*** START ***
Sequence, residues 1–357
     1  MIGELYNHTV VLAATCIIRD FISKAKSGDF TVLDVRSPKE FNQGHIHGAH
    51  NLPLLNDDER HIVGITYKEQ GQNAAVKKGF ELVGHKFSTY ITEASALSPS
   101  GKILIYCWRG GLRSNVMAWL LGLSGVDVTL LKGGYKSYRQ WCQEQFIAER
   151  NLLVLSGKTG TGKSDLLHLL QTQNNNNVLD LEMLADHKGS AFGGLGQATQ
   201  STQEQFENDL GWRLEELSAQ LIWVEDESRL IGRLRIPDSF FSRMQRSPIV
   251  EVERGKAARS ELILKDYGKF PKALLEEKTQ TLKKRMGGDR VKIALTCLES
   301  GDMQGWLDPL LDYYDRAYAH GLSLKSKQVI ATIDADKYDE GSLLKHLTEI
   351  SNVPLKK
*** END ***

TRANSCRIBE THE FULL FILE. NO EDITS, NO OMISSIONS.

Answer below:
Sequence, residues 1–357
     1  MIGELYNHTV VLAATCIIRD FISKAKSGDF TVLDVRSPKE FNQGHIHGAH
    51  NLPLLNDDER HIVGITYKEQ GQNAAVKKGF ELVGHKFSTY ITEASALSPS
   101  GKILIYCWRG GLRSNVMAWL LGLSGVDVTL LKGGYKSYRQ WCQEQFIAER
   151  NLLVLSGKTG TGKSDLLHLL QTQNNNNVLD LEMLADHKGS AFGGLGQATQ
   201  STQEQFENDL GWRLEELSAQ LIWVEDESRL IGRLRIPDSF FSRMQRSPIV
   251  EVERGKAARS ELILKDYGKF PKALLEEKTQ TLKKRMGGDR VKIALTCLES
   301  GDMQGWLDPL LDYYDRAYAH GLSLKSKQVI ATIDADKYDE GSLLKHLTEI
   351  SNVPLKK